A collection of ideas for teaching shapes and geometry in Pre-K and Preschool.
Find more math ideas on the Math Resource Page
Click for a list of Shape Books for Pre-K Children
Shapes ~ We All Live Together Vol. 3, by Greg & Steve
I’m a Square ~ Math All Around Me, by Jack Hartmann
I’m a Circle ~ Math All Around Me, by Jack Hartmann
Shake Your Shape ~ Math All Around Me, by Jack Hartmann
Put three shapes on a tray, cover them with a cloth, and take one away. Uncover it and children guess which shape is missing. Another way to play is to have the children show what they saw using their own set of attribute block shapes or draw what they saw.
“I Have, Who Has” Shapes Card Game
Read the directions for this game and download the printable set of cards on the blog post at this link: “I Have, Who Has” Shapes Game.
Trend makes a great shapes and colors bingo game (or you could make your own). My kids love bingo games.
For beginners, provide a lot of pre-cut shapes for children to use to make a picture. Write their dictation on the paper, and ask them to talk about or describe the shapes they used. More advanced children can trace attribute blocks onto construction paper, cut them out, and glue them onto another piece of paper.
Play Dough Shape Mats
Draw shapes on solid color place mats with a permanent marker. Children roll the play dough out like a snake, then lay it on the outline of the shape on the shape mat.
These are small paper mache boxes with lids I found in the craft store. They come in squares, circles, rectanges, hearts, and ovals. Children match the shape of the lid to the correct box. I included a bowl of plastic treasure coins, so they could put a coin in each box.
Shape Photo Sorting
Children sort these shape photo cards into the different rows of the pocket chart. I had originally planned to create a printable for this, but could not find enough pictures for all of the shapes. I found this set on Montessori for Everyone, and rather than reinvent the wheel, I purchased this set for $4.99.
To make the paper shape pieces, I printed paper pattern blocks from the Math Their Way site. I printed them all the same color so that children would be sorting by shape and not by color. Children glued these onto a sorting sheet. These are great for saving for portfolios.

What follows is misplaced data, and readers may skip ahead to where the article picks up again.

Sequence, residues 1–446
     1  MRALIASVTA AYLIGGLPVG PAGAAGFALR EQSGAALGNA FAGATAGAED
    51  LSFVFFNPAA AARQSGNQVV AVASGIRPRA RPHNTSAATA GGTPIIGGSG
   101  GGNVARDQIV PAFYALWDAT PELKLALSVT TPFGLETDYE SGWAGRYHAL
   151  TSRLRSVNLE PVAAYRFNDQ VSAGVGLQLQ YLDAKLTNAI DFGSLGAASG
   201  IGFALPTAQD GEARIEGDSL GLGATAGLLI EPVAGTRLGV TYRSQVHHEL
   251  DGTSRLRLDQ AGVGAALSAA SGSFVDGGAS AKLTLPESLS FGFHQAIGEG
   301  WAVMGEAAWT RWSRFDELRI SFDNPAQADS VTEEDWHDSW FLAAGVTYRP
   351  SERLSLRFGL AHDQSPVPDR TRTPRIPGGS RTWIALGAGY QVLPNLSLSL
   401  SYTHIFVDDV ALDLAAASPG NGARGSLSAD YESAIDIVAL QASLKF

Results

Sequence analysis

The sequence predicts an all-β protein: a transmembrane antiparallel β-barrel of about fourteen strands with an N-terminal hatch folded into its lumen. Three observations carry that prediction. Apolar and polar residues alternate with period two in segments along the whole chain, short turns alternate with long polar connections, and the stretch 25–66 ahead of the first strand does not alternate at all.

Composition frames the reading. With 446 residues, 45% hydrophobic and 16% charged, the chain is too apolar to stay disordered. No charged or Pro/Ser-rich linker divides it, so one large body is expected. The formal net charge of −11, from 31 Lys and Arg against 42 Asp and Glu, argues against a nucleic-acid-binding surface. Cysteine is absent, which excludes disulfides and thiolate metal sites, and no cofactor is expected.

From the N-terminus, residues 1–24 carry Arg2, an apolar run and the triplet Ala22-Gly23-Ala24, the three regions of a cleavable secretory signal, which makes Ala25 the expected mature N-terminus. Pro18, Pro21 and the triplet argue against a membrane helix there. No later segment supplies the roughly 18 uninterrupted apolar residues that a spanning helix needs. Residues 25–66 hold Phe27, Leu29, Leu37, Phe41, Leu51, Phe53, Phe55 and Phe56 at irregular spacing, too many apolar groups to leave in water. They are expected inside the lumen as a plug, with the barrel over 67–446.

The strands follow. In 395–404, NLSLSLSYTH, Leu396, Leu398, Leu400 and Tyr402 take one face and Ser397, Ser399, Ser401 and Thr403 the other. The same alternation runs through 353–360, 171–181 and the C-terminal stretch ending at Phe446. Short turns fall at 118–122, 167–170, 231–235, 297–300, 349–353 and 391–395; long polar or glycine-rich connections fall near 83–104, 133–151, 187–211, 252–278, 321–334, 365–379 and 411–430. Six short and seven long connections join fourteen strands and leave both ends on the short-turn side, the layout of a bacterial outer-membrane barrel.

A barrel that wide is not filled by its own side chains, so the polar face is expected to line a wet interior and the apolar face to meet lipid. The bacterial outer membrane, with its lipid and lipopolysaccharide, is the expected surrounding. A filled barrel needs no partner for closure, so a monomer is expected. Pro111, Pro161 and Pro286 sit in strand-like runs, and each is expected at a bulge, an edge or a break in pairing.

Children make shapes on the geoboard with rubberbands.
Children duplicate the geometric design on one of the geoboard cards onto their geoboard using rubberbands. I made the geoboard cards by photocopying the Geoboard Dot Paper from Math Their Way, and drawing different designs on them. These can be made to accomodate varying skill levels.
Pattern Block Shape Matching
I have lots of pattern block mats which you can print to use in your classroom. The black outlines are not as easy as the colored. I also have a pattern block book (see this page) with photos of different pattern block designs my students have made over the years. Children like to duplicate the patterns in the book.
Pattern Block Geometric Designs
Children love to make their own designs with the pattern blocks. The rules are that the blocks must lay flat and must touch on at least one side.
These plastic buttons are found in most educational supply catalogs, usually in the art section with collage materials. They come in a variety of colors and shapes: triangle, rectangle, square, circle, oval, diamond, heart, star, octagon. I use them for math because they are great for sorting by shape. The children sort each shape into clear plastic punch cups.
Sorting Paper Shape Cutouts
After the children have had practice sorting manipulatives by shape, we do this activity on paper. Children sort the paper cutouts by shape and glue them into the 4 sections on the paper. I used craft punchers from a craft store to make the cutouts.
Children make a book with 4 pieces of paper stapled together. They cut pictures from magazines and glue them on a page. For example, a tire on the circle page, a door on the rectangle page, a slice of pizza on the triangle page.
Shape Monster Book
The text of this book reads: “Shape monster, shape monster, Munch, munch, munch. How about a [blue circle] for your lunch.” You can print this book from HubbardsCupboard.org. The source for this idea is an unknown teacher from the Teachers.net chatboard. As far as I know, it is not copyrighted by Hubbards Cupboard, but the site does provide the printable.
Cereal Shape Sorting
Children sort mixed cereal pieces.
Squares: Chex, Cinnamon Toast Crunch, Cookie Crunch, other
Circles: Cheerios, Fruit Loops, Apple Jacks, other
Rectangles: Frosted Mini Wheat
Children sort the cereal by shape.
Children spread peanut butter or spreadable cheese on a square saltine cracker.
Children decorate a graham cracker rectangle with icing and sprinkles. These can also be broken in half to show the difference between a square and a rectangle.
Children cut out a piece of bread with a circle cookie cutter, and spread on butter or peanut butter and jelly.
Children decorate a sugar cookie with icing.
Children spread cream cheese and jam on an English muffin.
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